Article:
Former NFL offensive lineman Ryan O'Callaghan said he's received thousands of supportive e-mails and phone calls since he publicly came out as gay this week, each positive sentiment serving as validation for his decision to candidly discuss his suicidal state while he was still closeted.
O’Callaghan has heard from friends, family and former teammates from the New England Patriots, Kansas City Chiefs as well as some he played with collegiately at California. A wide array of athletes who have not yet come out as gay, including another former NFL player, have also reached out.
“My phone has been pretty busy,” O’Callaghan told USA TODAY Sports.
Complete strangers were moved by his courage, too.
“To me it wasn’t just a gay story,” said O’Callaghan, who chose LGBT magazine Outsports as the vehicle for his revelation. “I think people might not have related to every aspect of the story, but they were able to grab one part of it that really hit home for them. That was the goal, to inspire people by being (honest).”
Two responses he received were especially noteworthy.
One was from a closeted Catholic priest inspired to confide in O’Callaghan. Another was from a close-minded, heterosexual NFL fan who said he didn’t understand what it meant to be gay and consequently used homophobic taunts in his language with regularity — being a “smart ass," he said — but had his “eyes opened” after taking in O’Callaghan’s story.
“When you can change minds, it goes a long way, and people become a little more understanding,” O’Callaghan said.
“Gay people are husbands, wives, your neighbor, they’re everywhere — in every walk of life.”
He said messages from ex-mates like Mike Vrabel, Ryan Lilja and Brian De La Puente warmed his heart. While O’Callaghan wishes he would have come out sooner, perhaps when he was still playing in the NFL, the timing felt perfect based on his current state of mind and mental health.
“That’s tough because I built up being gay in my head so much back then,” said O’Callaghan who played in the league from 2006 to 2011.
“If I knew the response would be so overwhelmingly positive — that people would still love me and everything would be fine — yeah, I would’ve come out. That (closeted) life was exhausting.”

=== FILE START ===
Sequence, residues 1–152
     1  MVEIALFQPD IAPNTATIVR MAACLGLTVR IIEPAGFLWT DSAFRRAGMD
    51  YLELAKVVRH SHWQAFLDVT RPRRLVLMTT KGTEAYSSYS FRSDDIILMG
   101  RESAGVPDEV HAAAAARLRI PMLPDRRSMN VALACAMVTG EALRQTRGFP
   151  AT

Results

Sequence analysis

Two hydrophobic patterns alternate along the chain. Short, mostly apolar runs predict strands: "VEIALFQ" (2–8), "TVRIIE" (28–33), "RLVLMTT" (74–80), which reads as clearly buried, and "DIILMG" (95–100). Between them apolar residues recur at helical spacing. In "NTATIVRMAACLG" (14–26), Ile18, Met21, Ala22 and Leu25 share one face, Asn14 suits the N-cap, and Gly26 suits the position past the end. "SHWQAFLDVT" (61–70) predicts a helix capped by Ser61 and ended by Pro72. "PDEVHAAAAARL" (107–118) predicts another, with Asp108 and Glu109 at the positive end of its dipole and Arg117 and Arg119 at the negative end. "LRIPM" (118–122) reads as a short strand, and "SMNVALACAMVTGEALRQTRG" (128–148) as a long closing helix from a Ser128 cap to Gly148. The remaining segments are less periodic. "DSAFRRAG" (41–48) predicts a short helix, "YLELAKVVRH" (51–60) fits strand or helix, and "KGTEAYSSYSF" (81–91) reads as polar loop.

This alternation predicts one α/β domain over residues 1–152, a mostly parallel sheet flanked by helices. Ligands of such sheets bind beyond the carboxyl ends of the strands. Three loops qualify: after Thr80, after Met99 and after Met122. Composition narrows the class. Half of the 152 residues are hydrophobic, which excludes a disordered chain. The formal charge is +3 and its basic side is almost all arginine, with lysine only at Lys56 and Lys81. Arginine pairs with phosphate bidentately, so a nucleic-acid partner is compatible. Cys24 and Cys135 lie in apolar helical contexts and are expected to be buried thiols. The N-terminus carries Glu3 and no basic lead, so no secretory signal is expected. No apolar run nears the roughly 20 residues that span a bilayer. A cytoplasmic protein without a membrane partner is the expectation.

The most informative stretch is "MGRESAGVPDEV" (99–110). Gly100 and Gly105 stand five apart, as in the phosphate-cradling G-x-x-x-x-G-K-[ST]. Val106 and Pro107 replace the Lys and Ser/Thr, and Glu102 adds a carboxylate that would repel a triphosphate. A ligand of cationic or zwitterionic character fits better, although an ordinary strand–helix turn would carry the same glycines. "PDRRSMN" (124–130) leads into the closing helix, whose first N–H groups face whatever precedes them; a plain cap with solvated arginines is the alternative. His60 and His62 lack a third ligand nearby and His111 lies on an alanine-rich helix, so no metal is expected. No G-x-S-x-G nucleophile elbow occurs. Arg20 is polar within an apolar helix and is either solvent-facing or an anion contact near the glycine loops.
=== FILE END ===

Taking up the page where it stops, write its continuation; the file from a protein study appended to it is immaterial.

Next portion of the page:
Fearing condemnation while hiding his sexuality, O’Callaghan became addicted to painkillers and planned his own death.
“I’ve come a long way,” he said. “But I’ve got a long way to go, too. I waited a long time to come out, but that’s because I wasn’t planning on living, being alive today. Now, I have a lot to love about myself. But it takes a while. I haven’t touched a painkiller in years.
He said “so much has changed” since he played, mainly with the LGBT movement in society — from marriage equality nationwide, to several professional athletes who have already come out, including Jason Collins in the NBA.
Michael Sam became the first openly gay player to be drafted into the NFL in 2014, but he never made a 53-man roster. O’Callaghan now thinks an active player who came forward would be welcomed with open arms.
“If a guy came out, especially a more well-known guy, he’d get so much support,” O’Callaghan said. “There are enough guys on every NFL team who would not only be accepting, but they’d go out of their way to help and be supportive.”
O’Callaghan looks forward to using his story as a way to help others and would be “more than willing to help the NFL” with LGBT education and inclusion. When asked how he’d counsel a closeted player weighing the pros and cons of coming out, O’Callaghan said baby steps are crucial.
“I’d say start by telling one person, the person you trust the most,” he said. “For me, I talked to (therapist) Dr. (Susan) Wilson. After I talked to her, I confided in my best friend. That went a long way, and then you tell the next person. It’s about just having someone on your side who you can really trust and who respects you.”
Of course, O’Callaghan did receive some negative feedback amid the flood of support — not that it's bothered him.
“Genuinely, if you’re gonna bash me, say you don’t accept me, I’ve come so far,” he said. “I don’t give a damn about those people.”
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